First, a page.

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Intuition, openness to experience and other personality correlates of pain faking detection ability.

Goldsby, Tamara L. (2008) Intuition, openness to experience and other personality correlates of pain faking detection ability. Doctoral thesis, University of Surrey (United Kingdom)..

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This study seeks to examine the relationship between personality variables and pain perception ability. Specifically this thesis hypothesises that the Intuitive psychological type (rooted in Jung's theories of psychological type) will be effective at detecting faking of physical pain. Additionally, this thesis hypothesises that those scoring highly on Openness to Experience, as well as those rating as extraverts and those who rate high in emotional intelligence, will be more accurate at pain-faking detection than individuals who do not demonstrate these personality traits. It is also hypothesised that participants rating high in Machiavellianism will be accurate in detecting pain deception. In addition, it is speculated that a gender factor will exist in the ability to detect pain deception. In the first study, the Myers-Briggs Type Indicator (MBTI; Myers & McCaulley, 1985) and the NEO Five Factor Inventory (NEO-FFI; Costa & McCrae, 1992b) are used to measure participants' intuition level and openness to experience (as well as extraversion), respectively. In the second study, the Mayer Salovey Caruso Emotional Intelligence Test (MSCEIT; Mayer, Salovey & Caruso, 2002) and the Psychopathic Personality Inventory (PPI; Lilienfeld & Widows, 2005) are used to measure emotional intelligence and various psychopathy-related traits (including Machiavellianism), respectively. The stimuli presented are videotapes of facial expressions of pain, in which individuals display either genuine or faked physical pain. The first study's findings support the hypotheses that Intuitive and Open individuals are accurate at pain judgment, with Intuitive and Open females in particular displaying relationships with accuracy. Additionally, males categorised as 'Thinker' types, as well as those low in neuroticism predicted accuracy in pain judgment. However, the hypothesis that extraverted individuals would be more accurate at detection was largely unsupported. In the second study, the hypotheses that overall emotional intelligence and overall psychopathy would predict accuracy were generally unsupported. It was discovered, however, that particular subscales of the emotional intelligence measure such as the 'Changes' task were predictors of accuracy in pain judgment. The Machiavellianism subscale of the psychopathy measure was indeed a predictor of accuracy for male participants. In addition, other subscales of the psychopathy measure that predicted accuracy included Blame Externalisation, which had an inverse relationship with accuracy, as well as 'Fearlessness' in female participants. The significance of the study findings are discussed in terms of application to the realm of deception detection, as well as its relevance to the medical field in particular.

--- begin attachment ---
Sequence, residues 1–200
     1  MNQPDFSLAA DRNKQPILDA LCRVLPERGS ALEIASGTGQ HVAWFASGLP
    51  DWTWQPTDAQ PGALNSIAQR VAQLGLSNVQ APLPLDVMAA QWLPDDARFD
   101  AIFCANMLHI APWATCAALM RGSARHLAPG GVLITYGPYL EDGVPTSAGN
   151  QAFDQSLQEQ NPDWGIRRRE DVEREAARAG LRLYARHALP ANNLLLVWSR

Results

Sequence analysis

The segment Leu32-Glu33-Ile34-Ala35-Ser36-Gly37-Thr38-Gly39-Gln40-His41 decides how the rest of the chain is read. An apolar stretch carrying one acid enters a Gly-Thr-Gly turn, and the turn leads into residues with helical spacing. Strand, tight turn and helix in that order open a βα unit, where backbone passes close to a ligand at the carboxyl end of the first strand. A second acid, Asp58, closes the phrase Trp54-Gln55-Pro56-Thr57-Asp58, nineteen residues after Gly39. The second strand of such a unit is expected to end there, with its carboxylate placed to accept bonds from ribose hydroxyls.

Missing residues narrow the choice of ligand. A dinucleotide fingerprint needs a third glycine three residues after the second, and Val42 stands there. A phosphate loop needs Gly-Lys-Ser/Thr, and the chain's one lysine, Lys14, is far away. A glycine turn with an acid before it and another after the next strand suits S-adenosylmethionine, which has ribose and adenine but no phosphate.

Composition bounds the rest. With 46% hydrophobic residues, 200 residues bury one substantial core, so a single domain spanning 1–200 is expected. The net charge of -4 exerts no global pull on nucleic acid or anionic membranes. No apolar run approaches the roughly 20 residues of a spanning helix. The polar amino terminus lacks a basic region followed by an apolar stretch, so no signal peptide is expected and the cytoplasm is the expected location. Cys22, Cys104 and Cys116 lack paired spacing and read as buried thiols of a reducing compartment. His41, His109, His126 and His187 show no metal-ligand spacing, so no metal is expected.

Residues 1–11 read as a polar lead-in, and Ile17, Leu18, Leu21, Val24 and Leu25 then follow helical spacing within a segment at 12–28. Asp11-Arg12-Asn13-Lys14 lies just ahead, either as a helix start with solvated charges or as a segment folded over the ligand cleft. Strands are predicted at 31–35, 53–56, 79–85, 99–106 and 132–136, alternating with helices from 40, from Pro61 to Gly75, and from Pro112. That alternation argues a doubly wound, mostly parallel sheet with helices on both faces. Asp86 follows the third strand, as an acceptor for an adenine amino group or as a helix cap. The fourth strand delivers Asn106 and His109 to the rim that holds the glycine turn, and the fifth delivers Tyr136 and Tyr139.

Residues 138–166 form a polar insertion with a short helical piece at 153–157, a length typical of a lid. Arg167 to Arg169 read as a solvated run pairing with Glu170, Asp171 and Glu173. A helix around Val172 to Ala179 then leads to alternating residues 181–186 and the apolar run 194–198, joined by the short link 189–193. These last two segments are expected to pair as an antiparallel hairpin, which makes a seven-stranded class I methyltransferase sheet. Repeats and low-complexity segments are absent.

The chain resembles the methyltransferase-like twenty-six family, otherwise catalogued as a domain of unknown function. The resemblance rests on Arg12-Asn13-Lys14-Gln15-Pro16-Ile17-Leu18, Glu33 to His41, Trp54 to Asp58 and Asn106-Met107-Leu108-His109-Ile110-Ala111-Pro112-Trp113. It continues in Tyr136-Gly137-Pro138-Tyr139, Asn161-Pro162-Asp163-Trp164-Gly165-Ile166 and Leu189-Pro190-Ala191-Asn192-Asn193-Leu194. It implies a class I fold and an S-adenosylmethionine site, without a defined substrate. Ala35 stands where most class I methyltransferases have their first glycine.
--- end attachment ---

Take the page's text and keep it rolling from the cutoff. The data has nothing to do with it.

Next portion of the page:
Item Type: Thesis (Doctoral)
Divisions : Theses
Authors :
Goldsby, Tamara L.
Date : 2008
Contributors :
Depositing User : EPrints Services
Date Deposited : 09 Nov 2017 12:18
Last Modified : 20 Jun 2018 11:41

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